Along the lower Black Creek Trail

August 2, 2013 chris
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This week the Vagabond goes down the Black Creek for an adventure. The sites he passes by include the old Clayton’s gristmill, coal mines and nearby Sulphur Springs. These locations can be reached by the new Black Creek Trail that extends from the back of the Noccalula Falls campground to the Tuscaloosa Avenue/Black Creek Bridge near the Etowah County Rescue Squad building.

Opened about a year ago, the Black Creek Trail is already listed No. 3 in the top 100 best and most popular hiking trails in Alabama, with Little River Canyon No. 1 and Indian Falls Trail as No. 2, both located near Ft. Payne.

The trail was once the old Black Creek Road and runs parallel and west of Black Creek. The original old road is on the new trail after crossing the cascades behind the campsites and climbing to the top where the road goes through.

The trail gradually (and easily) descends to the creek. From this point to Tuscaloosa Avenue, the remains of the old Clayton’s coalmine operation can be seen. (WARNING: Several of these mines have reopened over the years and are very unstable and dangerous to enter. PLEASE STAY OUT!!!)

At various times between 1880 and 1930, coal was mined on a small scale within the city of Gadsden at the base of Lookout Mountain. The first entry was made near the bottom of the west wall of the Black Creek Gorge, about one-fourth mile below Noccalula Falls.

In 1902, W. P. Clayton organized the Noccalula Coal Company. The opening vein was 17” to 35” thick and at that time was expected to increase to seven feet.

Black Creek Road was a slum a few years back until the city cleaned it up. The area was infected with bootleggers, crime and occasional murders. One murder story often heard is that of a woman who killed her husband, dragged him into an unused coal mine and covered his body with lime. The husband was reported missing, and many years passed.

The woman’s conscience finally got the best of her and she told what she had done. A party was sent to uncover the remains. Nothing was found except a pocketknife and a belt buckle identified by the son to be his father’s. The lime had eaten the body, bones and all!

The Claytons, who once operated these mines, also operated a water gristmill. Clayton Mill was located on Black Creek a mile or so below Noccalula Falls on the home place of Charles A. Clayton and his wife Nancy Richards Clayton.

The mill was located about 50 yards north of the present-day Etowah County Rescue Squad building. This acreage was part of a tract of land originally granted to Joseph Clayton (father of Charles) by the federal government in 1855.

It was built and operated by Charles from 1895 until his death about 1918. Mr. Clayton granted Dwight Cotton Mill the right to build a dam across the creek on his property and to construct a pump station to supply water for the new textile mill. This water was pumped from another dam near the falls.

The dam on the Clayton’s property formed a sizable pond that provided sufficient waterpower to operate the gristmill, which Mr. Clayton erected soon after the dam was completed. The pond often was used for baptisms, swimming and fishing. A group of local doctors stocked the pond with bream and bass. The doctors spent many happy hours fishing at the pond.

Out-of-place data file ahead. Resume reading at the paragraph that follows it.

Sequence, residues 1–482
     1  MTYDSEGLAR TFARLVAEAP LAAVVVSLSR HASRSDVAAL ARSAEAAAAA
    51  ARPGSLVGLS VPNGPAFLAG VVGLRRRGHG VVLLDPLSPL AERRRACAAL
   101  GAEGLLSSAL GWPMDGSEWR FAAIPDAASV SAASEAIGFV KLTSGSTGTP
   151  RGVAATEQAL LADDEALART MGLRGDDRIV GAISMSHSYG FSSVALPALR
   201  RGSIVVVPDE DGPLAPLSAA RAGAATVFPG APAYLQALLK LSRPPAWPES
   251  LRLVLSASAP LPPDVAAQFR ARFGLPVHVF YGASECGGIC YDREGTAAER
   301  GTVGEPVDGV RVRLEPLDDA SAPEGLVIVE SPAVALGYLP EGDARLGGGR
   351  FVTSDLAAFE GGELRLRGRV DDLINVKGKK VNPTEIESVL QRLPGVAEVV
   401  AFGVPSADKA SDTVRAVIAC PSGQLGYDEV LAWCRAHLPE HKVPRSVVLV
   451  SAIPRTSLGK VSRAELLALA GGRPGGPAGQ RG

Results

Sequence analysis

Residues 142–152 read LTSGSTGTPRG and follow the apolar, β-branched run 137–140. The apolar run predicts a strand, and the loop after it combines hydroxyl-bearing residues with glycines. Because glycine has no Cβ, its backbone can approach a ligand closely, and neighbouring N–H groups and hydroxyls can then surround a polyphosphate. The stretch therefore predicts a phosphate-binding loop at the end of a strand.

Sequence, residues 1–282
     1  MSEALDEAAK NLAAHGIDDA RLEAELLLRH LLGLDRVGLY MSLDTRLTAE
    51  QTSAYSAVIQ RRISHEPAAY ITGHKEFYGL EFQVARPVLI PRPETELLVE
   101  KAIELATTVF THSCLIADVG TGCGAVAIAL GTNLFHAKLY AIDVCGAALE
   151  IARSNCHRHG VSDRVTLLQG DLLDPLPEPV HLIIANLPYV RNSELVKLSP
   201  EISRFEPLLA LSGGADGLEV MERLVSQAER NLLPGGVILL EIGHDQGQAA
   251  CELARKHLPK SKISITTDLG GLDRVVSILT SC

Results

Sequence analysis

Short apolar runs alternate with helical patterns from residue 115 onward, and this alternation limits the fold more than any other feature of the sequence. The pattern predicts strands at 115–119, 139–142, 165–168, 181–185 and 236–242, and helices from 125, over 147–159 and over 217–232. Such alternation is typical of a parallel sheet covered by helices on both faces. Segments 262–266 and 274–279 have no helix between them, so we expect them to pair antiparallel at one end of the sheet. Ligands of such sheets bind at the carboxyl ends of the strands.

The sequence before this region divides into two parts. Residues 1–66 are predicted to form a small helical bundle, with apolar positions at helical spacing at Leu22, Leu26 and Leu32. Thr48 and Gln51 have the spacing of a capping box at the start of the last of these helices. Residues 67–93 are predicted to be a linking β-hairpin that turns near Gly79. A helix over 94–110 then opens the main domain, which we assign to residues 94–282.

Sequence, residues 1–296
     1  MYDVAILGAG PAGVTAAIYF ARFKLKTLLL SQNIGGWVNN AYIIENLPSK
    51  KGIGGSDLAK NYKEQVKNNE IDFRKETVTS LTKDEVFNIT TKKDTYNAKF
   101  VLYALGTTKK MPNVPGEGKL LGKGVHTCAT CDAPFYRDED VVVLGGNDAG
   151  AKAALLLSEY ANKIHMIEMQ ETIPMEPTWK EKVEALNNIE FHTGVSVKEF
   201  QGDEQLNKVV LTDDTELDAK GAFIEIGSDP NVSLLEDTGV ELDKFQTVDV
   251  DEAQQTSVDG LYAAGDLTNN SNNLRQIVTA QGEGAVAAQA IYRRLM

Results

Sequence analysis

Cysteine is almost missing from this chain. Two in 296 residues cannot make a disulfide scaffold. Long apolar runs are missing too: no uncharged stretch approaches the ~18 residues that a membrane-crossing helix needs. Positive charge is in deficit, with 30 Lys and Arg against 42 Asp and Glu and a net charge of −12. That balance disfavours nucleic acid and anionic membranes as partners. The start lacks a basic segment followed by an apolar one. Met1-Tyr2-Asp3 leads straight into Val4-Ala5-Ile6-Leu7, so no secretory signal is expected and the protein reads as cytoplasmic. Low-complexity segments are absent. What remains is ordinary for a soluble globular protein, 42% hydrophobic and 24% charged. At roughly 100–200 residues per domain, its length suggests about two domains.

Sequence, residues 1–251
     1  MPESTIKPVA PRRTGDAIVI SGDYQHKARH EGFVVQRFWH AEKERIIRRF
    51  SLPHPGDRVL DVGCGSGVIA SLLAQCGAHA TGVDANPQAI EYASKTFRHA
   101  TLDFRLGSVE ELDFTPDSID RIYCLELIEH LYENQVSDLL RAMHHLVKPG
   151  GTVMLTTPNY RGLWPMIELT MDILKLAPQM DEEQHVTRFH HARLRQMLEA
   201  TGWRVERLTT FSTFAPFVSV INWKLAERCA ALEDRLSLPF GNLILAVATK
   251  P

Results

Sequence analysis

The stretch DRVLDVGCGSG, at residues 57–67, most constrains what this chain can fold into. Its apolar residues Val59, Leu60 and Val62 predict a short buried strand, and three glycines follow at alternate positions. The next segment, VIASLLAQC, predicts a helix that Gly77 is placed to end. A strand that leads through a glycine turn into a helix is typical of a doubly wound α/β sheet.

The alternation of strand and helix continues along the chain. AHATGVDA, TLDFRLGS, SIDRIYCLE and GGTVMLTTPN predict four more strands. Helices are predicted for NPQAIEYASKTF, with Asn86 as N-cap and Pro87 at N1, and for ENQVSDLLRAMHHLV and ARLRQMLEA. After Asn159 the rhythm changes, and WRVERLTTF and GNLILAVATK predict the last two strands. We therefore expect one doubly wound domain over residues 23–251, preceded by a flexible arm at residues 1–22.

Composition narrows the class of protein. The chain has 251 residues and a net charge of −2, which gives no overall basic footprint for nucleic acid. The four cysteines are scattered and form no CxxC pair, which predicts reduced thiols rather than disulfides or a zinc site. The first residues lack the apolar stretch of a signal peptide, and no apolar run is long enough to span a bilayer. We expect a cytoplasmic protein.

At times, churches held baptismal ceremonies in the little pond. Many mothers also worried about their boys swimming and getting tangled up with a water moccasin.Even today, one can see the descendants of those early snakes, as there are many of them still around.

Clayton’s gristmill was a popular subject for early photographers, as its scenic beauty was widely known. One of these early photographs appeared in the rotogravure section of the Birmingham News. Traces of the “double upside down v-shaped” dam, which was made of wood, can be seen today protruding out of the creek bed.

The mill ground corn into meal for the Claytons and their neighbors. Nora Clayton, the youngest of the Claytons’ 10 children, remembered a bell at the mill that was rung when someone wanted to swap his corn for meal. It was her task at a very young age to go to the mill to make the exchange.

Nora also remembered her brothers’ summertime chore of diving into the millrace to remove lodged trash. She remembered how uneasy this operation made their mother, for fear the boys would tangle with a water moccasin.

The famous Sulphur Springs are located just below the Clayton’s mill site In 1869, there were plans to build a hotel at the springs to accommodate the many people that came to drink the strong black sulphur water. The spring was located on the west bank of Black Creek, a short distance north from the Tuscaloosa Avenue Bridge (this street was once known as Mineral Avenue).

At one time, there was a picnic ground and a park just north of the springs. The location was a gathering place for Sunday schools and lodges. On several occasions The City of Gadsden used it for Fourth of July celebrations, where the finest orators gave speeches.

Sulphur Springs disappeared long ago when the slough in which it was located was allowed to fill up. Supposedly, the stone wall and floor remain, but are buried under several feet of muck and debris. Today, there are remains of another spring on the east bank of Black Creek.

All of this area was part of a tract of land originally granted by the federal government to Joseph Clayton in 1855. It is through early pioneer settlers like the Claytons, undergoing extreme hardships and working with meager resources, bequeathed to us a part of a heritage upon which the greatness of Gadsden and surrounding cities were built.